This book presents new research on the histories and legacies of the German
Expressionist group, Der Blaue Reiter, the founding force behind modernist
abstraction. For the first time Der Blaue Reiter is subjected to a variety of
novel inter-disciplinary perspectives, ranging from a philosophical enquiry into
its language and visual perception, to analyses of its gender dynamics, its
reception at different historical junctures throughout the twentieth century,
and its legacies for post-colonial aesthetic practices. The volume offers a new
perspective on familiar aspects of Expressionism and abstraction, taking
seriously the inheritance of modernism for the twenty-first century in ways that
will help to recalibrate the field of Expressionist studies for future
scholarship. Der Blaue Reiter still matters, the contributors argue, because the
legacies of abstraction are still being debated by artists, writers,
philosophers and cultural theorists today.
prefab four: Dirk, Nasty, Stig and
Barry, who made thesixties what they are today. The fabulous
The most telling line from this
opening caption is probably ‘the group who made thesixties what they
are today’, which carries the suggestion that thesixties are
typically reconstructed through a familiar series of icons. The objective of
-backed corrupt Batista regime, were key protagonists of a diverse multinational network fighting for worldwide liberation of
‘coloured’ people. However, some believed – as David Crowley wrote in TheSixties: A Worldwide Happening – that the Panthers had a ‘somewhat incomplete global consciousness and were often blind to the injustice and violence
being done in the name of progress by other revolutionary states (usually to
their own populations)’.9 In visualising their US revolution, the Black Panthers
followed Malcolm X’s statement in a 1964 speech that ‘We [Black Power
, whether old or ill.
I hope this letter reaches you safe and legible. Many warm greetings
and kisses. Your mother.
There follows a short paragraph from Fanny Maier to her family, telling
of thesixty-hour unbroken train journey. Poignantly she says that
the thought of seeing their loved ones soon lightens their stay, and
that they don’t let their courage fail. She reports that there are visiting
hours with the men, in the neighbouring barracks. This, I assume is the
Fanny Maier from the Offenburg photo. She was to remain Leonie’s
close companion through the following
as a revolutionary one. The
political rhetoric of both has been directly influential on the field of art.
Organised in 1991 by art historian Michele Wallace, the ground-breaking
symposium “Black Popular Culture” offered an interdisciplinary comparison of
questions surrounding “black nationalism, essentialism and Pan-Africanism.”13
In her presentation “Black Nationalism: theSixties and the Nineties” Angela
Davis recalled the development of her political position from identity politics
to communism, showing how ideas morphed, how complex and contradictory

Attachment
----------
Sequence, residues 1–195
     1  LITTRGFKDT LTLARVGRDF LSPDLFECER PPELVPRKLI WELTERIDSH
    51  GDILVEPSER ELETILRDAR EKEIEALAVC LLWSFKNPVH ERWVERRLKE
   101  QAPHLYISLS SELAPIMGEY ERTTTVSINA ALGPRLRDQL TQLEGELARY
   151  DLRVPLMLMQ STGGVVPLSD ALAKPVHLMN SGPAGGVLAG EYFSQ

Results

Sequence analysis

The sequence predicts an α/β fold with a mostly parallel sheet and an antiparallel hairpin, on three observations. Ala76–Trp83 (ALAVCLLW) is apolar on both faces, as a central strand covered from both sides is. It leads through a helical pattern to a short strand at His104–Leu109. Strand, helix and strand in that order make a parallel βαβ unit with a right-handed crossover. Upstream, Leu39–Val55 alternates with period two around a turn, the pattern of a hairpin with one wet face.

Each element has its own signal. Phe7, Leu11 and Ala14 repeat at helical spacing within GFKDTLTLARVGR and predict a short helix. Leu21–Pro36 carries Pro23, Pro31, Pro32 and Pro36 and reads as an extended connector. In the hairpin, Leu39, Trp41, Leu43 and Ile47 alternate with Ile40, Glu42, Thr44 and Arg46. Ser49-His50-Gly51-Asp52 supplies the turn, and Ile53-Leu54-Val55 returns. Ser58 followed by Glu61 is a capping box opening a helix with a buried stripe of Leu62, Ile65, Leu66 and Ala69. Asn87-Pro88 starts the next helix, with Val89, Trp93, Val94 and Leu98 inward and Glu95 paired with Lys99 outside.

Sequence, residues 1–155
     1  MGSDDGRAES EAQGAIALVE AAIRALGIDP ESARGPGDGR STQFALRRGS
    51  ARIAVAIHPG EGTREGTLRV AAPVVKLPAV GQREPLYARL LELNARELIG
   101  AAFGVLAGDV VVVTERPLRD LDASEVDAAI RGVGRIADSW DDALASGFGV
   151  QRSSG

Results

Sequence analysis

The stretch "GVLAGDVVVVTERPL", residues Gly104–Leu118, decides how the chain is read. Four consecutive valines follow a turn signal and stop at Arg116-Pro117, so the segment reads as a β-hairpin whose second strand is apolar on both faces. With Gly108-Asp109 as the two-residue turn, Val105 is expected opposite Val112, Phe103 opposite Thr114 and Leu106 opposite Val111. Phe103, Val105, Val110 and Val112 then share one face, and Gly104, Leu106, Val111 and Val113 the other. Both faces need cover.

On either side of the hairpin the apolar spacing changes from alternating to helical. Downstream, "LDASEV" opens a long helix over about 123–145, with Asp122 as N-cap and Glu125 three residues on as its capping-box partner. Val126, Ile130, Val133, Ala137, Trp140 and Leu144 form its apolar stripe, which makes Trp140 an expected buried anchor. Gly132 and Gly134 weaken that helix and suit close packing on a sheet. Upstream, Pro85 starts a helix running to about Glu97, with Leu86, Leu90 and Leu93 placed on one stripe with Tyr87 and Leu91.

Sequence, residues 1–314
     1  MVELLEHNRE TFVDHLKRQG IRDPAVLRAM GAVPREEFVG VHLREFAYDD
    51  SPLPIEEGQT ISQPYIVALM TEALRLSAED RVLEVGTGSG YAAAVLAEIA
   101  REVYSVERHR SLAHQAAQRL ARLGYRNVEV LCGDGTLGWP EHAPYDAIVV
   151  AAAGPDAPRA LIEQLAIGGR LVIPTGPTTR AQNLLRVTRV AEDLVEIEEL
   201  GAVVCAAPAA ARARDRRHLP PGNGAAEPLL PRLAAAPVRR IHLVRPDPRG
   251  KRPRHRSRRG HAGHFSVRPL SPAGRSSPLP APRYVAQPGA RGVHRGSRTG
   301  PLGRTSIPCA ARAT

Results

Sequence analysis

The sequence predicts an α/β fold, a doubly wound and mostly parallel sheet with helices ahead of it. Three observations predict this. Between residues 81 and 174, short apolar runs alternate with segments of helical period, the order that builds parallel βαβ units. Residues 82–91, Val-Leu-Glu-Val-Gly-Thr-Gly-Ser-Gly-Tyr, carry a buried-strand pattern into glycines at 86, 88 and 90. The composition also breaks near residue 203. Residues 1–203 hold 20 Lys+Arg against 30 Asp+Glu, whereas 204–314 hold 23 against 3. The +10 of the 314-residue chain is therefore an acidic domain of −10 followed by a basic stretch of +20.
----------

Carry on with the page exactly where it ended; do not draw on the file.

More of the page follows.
(Boston: Little Brown and Company, 1995),
26 Wallace, “Reading 1968 and the Great American Whitewash,” 108. Wallace’s powerful
criticism of the erasure of minority contribution, especially the central place of
African Americans in the much-mythologised social movements of the 1960s is
correct in my opinion, and her work at large has influenced my thinking. Yet, in
defence of Todd Gitlin’s TheSixties: Years of Hope, Days of Rage (New York: Bantam
Books, 1993), I must cite his recognition that: “Youth culture might have remained
just that—the traditional
, particularly by Claire Bishop, who deploys Ernesto Laclau and Chantal Mouffe’s writings on political hegemony to argue that antagonism and conflict are vital to relational art’s democratic function, but also by scholars of the early Happenings, such as Rodenbeck, who have emphasised their coercive aspects. Claire Bishop, ‘Antagonism and Relational Aesthetics’, October 110 (Autumn 2004): 51–79 (65–7); and Rodenbeck, Radical Prototypes , particularly 241–55.
70 On the Diggers’ ‘free’ network, see Karen M. Staller , Runaways: How theSixties Counterculture Shaped
Jacopo Galimberti, Noemi de Haro García and Victoria H. F. Scott
Christopher Leigh Connery, ‘The World Sixties’, in Rob Wilson and Christopher Leigh Connery (eds), The Worlding Project: Doing Cultural Studies in
the Era of Globalization (Berkeley: North Atlantic Books, 2007), 78.
9 Fredric Jameson, ‘Periodizing theSixties’, in Sohnya Sayres et al. (eds), The
60s Without Apology (Minneapolis: University of Minnesota Press in cooperation with Social Text, 1984), 189.
10 See, for example, the use of this notion in publications such as Connery, ‘The
World Sixties’, 77–107; the special issue entitled ‘Global Maoism and Cultural
Lourdes Castro and Manuel Zimbro’s Un autre livre rouge
Ana Bigotte Vieira and André Silveira
Conceptual Art (Cambridge, MA, and London: MIT Press, 2006), 29–30.
5 Chris Marker, Le fond de l’air est rouge: scènes de la troisième guerre mondiale
1967–1977 (Paris: François Maspero, 1978), 5; Traverso, Malinconia di sinistra.
6 By 1961, when the Colonial War began, the Portuguese State of India included
Goa, Daman and Diu. In the previous decade, in 1954, Portugal had already
lost control over the Dadra and Nagar Haveli enclaves.
7 Fredric Jameson, ‘Periodizing theSixties’, in Sohnya Sayres et al. (eds), The 60s
Without Apology (Minneapolis: University of
society. He is interested in moral and ethical
dilemmas in confronting catastrophic situations, and his art engages the ambiguities and uncertainties of the human condition and of history, in an attempt
to ‘reawaken an intrinsic ethical impulse in the present’.101
An important work that emerged from that attempt was John Young’s installation Bonhoeffer in Harlem (2009). It commemorates thesixty-fourth anniversary of the execution of German Lutheran theologian, pastor and finally martyr,
Dietrich Bonhoeffer. Originally designed for St Matthauskirche, Kulturforum,